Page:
What it’s actually like inside prison, and how you survive | True Justice

New Zealanders love true crime. But real life isn’t that straightforward. True Justice is a five-part podcast series that shares the stories of those who have been through our prisons, and advocates for a more just justice system in Aotearoa.

In Episode 2: Broken, we hear about the history of prisons in New Zealand, what day-to-day life is like on the inside, and how you survive.

In prison, you can't show that you're sad or upset. “The only thing you can show,” says Blain, one of the interviewees in True Justice, “is if you're angry, cause that's the only thing that'll get you not beaten up.”

Blain was struggling with meth addiction. He was living in Melbourne when he got hooked, and after he came back to New Zealand in November 2014, things spiralled really quickly. 

“I was caught in an operation for selling methamphetamine. And I was in jail in June. And yeah, that's basically where my demise kind of started.”

It was Blain’s first time in prison so he was pretty freaked out, but he knew not to let on.

“I just put a mask on the whole time I was in prison. I was clean off drugs and alcohol, but I wasn't clean off my behaviours, you know? I was trying to be someone I wasn't even though I was just like a scared little boy really.”

This is something you hear quite a lot when talking to prisoners. 

“It's just putting on a mask, putting on a front, you can't be walking around looking like you want to cry or whatever,” says Rangi, another interviewee.

“You have to leave that at the door. Leave that at the gate.”

You never feel safe in prison, Rangi says. “You have your guard up all the time. Something can pop off at any time. The worst thing you can do is try to settle in, because at the flip of a switch you can be shifted from one end of the country to the other. Or a person that you thought was your mate, can just knock you over for something so minimal, like an apple or something. Yeah, fighting over a sandwich or pushing in the line.”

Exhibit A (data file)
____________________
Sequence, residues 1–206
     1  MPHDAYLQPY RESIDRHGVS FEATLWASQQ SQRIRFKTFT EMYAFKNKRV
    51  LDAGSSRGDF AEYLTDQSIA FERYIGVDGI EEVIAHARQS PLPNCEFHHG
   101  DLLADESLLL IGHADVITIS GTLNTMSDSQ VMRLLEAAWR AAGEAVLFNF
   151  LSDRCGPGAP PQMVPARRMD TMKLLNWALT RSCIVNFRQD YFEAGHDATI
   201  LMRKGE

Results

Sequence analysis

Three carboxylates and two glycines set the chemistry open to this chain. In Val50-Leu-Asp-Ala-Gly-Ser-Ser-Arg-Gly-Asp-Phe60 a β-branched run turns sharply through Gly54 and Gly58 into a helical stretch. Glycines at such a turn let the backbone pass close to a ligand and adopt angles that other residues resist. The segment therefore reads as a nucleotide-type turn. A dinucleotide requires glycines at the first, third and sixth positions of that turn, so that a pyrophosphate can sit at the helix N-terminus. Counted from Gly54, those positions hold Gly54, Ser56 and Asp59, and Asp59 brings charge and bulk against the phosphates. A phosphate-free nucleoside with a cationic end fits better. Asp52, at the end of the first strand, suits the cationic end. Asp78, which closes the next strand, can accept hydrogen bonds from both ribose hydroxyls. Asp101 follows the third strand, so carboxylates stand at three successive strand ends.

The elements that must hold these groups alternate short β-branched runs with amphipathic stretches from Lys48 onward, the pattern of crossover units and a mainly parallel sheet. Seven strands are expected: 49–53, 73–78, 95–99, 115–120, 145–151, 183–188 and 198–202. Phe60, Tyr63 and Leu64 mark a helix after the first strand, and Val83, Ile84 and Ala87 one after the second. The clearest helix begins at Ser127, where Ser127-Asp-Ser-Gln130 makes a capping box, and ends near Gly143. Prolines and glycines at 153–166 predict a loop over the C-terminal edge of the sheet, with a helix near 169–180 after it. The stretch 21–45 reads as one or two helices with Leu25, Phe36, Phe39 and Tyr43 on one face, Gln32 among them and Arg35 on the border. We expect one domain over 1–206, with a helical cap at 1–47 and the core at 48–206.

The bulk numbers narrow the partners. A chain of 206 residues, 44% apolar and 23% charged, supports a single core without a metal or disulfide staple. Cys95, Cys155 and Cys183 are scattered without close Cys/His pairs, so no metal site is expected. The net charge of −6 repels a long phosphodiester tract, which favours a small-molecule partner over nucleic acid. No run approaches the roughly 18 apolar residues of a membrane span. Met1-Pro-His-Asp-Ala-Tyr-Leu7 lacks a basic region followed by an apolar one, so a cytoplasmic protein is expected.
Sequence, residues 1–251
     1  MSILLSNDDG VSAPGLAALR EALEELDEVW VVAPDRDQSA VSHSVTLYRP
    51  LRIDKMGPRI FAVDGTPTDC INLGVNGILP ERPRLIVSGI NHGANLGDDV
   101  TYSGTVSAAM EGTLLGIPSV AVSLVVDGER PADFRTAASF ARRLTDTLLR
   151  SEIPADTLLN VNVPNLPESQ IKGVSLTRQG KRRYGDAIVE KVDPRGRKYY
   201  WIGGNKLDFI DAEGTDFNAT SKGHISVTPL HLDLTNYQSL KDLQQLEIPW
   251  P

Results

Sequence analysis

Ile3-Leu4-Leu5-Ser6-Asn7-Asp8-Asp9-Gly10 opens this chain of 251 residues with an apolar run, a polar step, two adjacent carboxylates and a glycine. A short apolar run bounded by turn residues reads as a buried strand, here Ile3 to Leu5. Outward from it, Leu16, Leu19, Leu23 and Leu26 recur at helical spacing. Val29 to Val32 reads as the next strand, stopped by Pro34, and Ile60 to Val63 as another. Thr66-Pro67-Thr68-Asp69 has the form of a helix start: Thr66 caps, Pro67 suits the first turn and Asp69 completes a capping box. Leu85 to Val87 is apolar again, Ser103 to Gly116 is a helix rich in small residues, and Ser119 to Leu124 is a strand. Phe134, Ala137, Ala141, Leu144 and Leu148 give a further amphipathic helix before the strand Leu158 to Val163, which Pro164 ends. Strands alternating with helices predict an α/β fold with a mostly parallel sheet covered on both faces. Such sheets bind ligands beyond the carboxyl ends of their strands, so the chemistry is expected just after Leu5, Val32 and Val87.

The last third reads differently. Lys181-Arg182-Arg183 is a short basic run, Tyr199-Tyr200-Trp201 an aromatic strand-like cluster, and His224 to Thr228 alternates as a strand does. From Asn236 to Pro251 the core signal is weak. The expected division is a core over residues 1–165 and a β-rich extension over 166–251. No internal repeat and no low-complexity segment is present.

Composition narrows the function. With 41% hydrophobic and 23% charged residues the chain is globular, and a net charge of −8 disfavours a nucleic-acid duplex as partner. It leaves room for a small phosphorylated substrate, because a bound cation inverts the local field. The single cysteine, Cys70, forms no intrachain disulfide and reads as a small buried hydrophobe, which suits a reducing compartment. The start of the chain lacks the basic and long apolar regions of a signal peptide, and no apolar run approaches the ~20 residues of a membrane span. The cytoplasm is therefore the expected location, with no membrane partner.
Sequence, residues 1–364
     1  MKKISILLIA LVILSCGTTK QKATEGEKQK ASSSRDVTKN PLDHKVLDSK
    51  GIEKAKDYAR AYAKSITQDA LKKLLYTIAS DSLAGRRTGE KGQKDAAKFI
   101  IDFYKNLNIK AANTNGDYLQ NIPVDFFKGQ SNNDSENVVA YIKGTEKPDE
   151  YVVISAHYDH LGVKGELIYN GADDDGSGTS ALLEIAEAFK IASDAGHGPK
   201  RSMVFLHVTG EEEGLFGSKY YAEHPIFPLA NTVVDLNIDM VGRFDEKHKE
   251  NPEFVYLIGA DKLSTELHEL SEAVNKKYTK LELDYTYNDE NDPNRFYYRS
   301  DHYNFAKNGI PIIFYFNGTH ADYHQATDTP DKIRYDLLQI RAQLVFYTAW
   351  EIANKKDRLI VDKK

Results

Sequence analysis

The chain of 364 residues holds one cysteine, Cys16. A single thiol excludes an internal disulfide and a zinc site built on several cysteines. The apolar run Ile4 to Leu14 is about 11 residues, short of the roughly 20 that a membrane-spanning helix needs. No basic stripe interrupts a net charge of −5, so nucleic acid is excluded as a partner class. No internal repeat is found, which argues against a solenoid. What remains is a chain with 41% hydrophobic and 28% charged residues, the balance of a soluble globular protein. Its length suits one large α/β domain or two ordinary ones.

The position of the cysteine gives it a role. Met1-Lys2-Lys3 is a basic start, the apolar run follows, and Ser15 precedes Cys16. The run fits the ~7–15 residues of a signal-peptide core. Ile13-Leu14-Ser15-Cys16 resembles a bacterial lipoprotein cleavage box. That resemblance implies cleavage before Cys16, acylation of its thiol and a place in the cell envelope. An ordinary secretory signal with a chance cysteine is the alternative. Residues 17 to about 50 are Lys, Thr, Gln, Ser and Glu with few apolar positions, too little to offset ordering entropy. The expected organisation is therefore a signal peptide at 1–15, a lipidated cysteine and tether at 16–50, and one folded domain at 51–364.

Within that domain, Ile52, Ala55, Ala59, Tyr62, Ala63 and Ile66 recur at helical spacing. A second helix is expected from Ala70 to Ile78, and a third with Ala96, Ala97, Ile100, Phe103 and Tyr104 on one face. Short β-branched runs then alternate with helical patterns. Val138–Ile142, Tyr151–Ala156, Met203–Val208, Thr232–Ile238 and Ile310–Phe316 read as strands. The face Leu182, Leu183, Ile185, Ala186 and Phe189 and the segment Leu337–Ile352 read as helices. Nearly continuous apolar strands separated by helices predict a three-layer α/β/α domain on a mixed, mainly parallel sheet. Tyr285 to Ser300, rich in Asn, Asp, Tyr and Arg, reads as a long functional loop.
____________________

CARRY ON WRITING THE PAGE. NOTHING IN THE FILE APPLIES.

That’s because there’s “a lot of other underlying issues there”, he says. 

According to Corrections, 91% of people in prison have been diagnosed with a mental health disorder, a substance use disorder or a traumatic brain injury at some stage in their lives. 

And if it was this tough navigating this super macho space for guys like Rangi and Blain, imagine what it felt like for Olivia, who is a trans woman.

“You're constantly having to watch yourself,” she says. “I felt unsafe, I suffered from mental illness, I ended up with depression and anxiety. I already had, being transgender, gender dysmorphia, where I struggled to accept my body. And then they would strip search you constantly.”

“So whenever you'd go to another unit, there would be random strip searches, and they would always single out people that obviously had issues, or they thought that they would get some type of entertainment out of.”

Another issue was the showers were open.  So when it was shower time, Olivia says, unless you were prepared to shower with absolutely everybody, you went without. 

“I begged to be able to have my shower alone, or when the rest of the prisoners went to the yard.” 

She says she was occasionally able to get the privacy to shower - but only when there were enough guards on.

True Justice reached out to Serco, the private security company who ran Mt Eden prison at the time Olivia was there. They were unable to comment on specific allegations, but say the issues alleged in this podcast would not be acceptable in the prison they run now in South Auckland, as they are contrary to their values, code of conduct and expectations of staff. 

They said a complaint of this nature would be treated as a very serious matter.

To hear more stories from people who’ve been to prison in New Zealand, listen now to True Justice, a five-part podcast series that shares the stories of those who have been through our prisons, and advocates for a more just justice system in Aotearoa.

Where to get help:

  • 1737: The nationwide, 24/7 mental health support line. Call or text 1737 to speak to a trained counsellor.
  • Suicide Crisis Line: Free call 0508 TAUTOKO or 0508 828 865. Nationwide 24/7 support line operated by experienced counsellors with advanced suicide prevention training. 
  • Youthline: Free call 0800 376 633, free text 234. Nationwide service focused on supporting young people.
  • OUTLine NZ: Freephone 0800 OUTLINE (0800 688 5463). National service that helps LGBTIQ+ New Zealanders access support, information and a sense of community. 
  • Alcohol Drug Helpline: call 0800 787 797 or free text 8681 for a free, confidential text conversation
  • Alcohol Drug Māori Helpline: 0800 787 798 for advice and referral to kaupapa Māori services
  • Alcohol Drug Pasifika Helpline: 0800 787 799 for advice and referral to services developed for Pacific people
  • Alcohol Drug Youth Helpline: 0800 787 984 for advice and referral to services for young people